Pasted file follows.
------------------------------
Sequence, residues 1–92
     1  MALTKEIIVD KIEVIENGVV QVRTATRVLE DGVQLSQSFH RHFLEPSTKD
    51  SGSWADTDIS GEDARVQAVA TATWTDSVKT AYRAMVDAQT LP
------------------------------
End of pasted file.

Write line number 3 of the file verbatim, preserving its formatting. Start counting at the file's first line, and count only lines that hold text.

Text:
    51  SGSWADTDIS GEDARVQAVA TATWTDSVKT AYRAMVDAQT LP